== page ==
Cycle for Sight riders raise funds to support research conducted by UW-Madison’s McPherson Eye Research Institute to prevent, treat and cure blinding diseases. Please help us fundraise to support eye research here at UW-Madison! To donate, please click "Support Ikeda Lab" under the retina image. Thank you!
In the Ikeda Lab, our research program is divided into two broad areas aimed at understanding the genetic and molecular mechanisms that regulate (1) aging of the neural tissue and (2) control of cell proliferation. Both processes involve fundamental biological questions that remain to be solved and both have important connections with human disease. The experimental system for most of our studies is the mouse eye, which offers a number of advantages: The eye is not a vital organ so mutations affecting the processes of interest can be identified and studied throughout the entire span of development. The well-organized structure and easy accessibility of the eye facilitate experimental analyses. At the same time, because the cells present in the eye (e. g. epithelial cells, neurons) are representative of cell types present in other organs, information gained from studies on the eye can reveal cellular mechanisms of general significance. In general, our studies utilize a forward genetic approach, beginning with mutants that manifest phenotypes of interest. A major advantage of this phenotype-driven approach is that it offers the potential of identifying previously unknown genes and molecular pathways that regulate a process of interest. After a gene/protein of interest has been identified, we aim to unravel the pathway by which it normally acts whose disruption results in the observed phenotype.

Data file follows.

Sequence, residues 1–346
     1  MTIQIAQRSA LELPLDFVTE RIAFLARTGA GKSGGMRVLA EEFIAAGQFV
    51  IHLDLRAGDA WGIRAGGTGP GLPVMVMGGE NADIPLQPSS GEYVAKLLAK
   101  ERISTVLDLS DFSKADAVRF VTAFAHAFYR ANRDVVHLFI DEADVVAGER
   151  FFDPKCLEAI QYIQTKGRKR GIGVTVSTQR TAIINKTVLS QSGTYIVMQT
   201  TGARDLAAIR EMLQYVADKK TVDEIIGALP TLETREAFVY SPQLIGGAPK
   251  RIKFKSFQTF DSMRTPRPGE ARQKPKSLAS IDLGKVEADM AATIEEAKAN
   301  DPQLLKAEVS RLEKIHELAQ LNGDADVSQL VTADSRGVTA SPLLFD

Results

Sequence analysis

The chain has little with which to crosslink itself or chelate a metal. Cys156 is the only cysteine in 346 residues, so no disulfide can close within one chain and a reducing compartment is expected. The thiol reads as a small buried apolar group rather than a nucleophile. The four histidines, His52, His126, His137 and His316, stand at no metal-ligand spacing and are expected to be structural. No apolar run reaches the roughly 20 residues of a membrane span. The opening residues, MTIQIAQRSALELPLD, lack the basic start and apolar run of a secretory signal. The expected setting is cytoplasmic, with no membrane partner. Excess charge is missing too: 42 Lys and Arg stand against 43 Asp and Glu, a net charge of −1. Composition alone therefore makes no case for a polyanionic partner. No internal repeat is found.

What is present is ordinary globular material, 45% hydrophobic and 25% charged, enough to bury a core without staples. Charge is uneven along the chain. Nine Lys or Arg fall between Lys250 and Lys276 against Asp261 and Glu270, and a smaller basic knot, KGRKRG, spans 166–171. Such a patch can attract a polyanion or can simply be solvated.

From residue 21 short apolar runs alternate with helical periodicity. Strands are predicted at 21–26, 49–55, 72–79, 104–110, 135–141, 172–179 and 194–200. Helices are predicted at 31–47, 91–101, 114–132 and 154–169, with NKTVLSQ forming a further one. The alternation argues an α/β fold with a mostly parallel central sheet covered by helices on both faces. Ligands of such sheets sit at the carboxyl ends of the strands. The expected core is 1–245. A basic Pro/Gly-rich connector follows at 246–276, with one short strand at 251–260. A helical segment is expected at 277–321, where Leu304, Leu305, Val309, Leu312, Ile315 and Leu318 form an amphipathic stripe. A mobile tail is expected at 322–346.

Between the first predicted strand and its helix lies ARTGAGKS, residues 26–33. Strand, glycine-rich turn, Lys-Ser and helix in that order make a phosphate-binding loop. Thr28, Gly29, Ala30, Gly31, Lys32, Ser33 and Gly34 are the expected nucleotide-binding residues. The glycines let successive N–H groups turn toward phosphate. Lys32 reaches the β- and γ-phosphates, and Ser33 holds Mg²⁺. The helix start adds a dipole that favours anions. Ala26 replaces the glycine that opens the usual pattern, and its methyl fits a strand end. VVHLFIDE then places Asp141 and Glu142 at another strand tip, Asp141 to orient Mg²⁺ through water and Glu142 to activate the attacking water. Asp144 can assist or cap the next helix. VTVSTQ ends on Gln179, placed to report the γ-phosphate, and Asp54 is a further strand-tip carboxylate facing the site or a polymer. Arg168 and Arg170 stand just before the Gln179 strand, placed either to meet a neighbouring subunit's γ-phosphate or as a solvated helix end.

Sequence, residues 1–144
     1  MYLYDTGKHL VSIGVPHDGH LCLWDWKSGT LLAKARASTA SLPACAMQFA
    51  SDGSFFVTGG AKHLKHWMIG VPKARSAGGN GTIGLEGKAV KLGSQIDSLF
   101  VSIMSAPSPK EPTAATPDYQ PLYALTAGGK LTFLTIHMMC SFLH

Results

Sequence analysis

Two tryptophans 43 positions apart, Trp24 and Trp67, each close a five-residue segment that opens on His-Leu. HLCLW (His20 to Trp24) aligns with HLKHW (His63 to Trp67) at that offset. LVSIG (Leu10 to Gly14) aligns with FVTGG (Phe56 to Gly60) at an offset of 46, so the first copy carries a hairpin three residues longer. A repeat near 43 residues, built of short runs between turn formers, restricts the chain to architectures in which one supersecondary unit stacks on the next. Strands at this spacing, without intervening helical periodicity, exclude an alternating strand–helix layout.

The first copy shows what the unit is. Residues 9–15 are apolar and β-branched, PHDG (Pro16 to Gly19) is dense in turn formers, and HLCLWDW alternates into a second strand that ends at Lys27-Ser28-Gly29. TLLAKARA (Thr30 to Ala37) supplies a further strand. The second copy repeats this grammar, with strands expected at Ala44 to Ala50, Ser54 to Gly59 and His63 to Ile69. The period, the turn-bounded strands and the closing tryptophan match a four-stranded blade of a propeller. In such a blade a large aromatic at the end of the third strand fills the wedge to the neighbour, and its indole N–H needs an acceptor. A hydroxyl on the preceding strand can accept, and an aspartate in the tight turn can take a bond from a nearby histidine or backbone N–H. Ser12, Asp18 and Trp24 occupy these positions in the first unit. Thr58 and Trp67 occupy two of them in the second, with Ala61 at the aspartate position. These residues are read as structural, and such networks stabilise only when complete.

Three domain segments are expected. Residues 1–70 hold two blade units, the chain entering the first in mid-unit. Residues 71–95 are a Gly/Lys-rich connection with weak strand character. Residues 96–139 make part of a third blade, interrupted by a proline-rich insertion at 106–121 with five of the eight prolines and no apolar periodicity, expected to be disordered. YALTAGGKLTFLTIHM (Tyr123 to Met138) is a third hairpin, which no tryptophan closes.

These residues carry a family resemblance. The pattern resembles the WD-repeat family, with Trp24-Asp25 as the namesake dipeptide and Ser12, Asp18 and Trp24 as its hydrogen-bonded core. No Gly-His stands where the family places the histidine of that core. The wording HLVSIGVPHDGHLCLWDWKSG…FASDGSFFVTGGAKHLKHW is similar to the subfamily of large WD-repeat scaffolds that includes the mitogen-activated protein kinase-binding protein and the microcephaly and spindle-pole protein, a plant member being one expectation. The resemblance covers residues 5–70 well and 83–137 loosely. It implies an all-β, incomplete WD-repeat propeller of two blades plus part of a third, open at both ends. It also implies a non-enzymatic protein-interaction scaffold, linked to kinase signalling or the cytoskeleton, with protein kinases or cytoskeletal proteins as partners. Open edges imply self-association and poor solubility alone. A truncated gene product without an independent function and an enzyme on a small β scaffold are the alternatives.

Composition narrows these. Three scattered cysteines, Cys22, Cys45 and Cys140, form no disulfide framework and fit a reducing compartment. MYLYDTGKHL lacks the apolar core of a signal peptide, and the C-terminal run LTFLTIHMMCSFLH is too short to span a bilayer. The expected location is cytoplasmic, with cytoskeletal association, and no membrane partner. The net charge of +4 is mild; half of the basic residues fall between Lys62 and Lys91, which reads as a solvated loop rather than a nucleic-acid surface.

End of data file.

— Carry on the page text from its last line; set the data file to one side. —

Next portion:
Over the past years, we have used these approaches to identify and characterize several genes of interest and to begin to elucidate the pathways through which they operate. Our immediate future goals are to obtain a more detailed understanding of these pathways to advance our understanding of the mechanisms that regulate neuronal aging and cell proliferation.
|Ikeda Lab - Join Team||Raised|
|Denotes a Team Captain|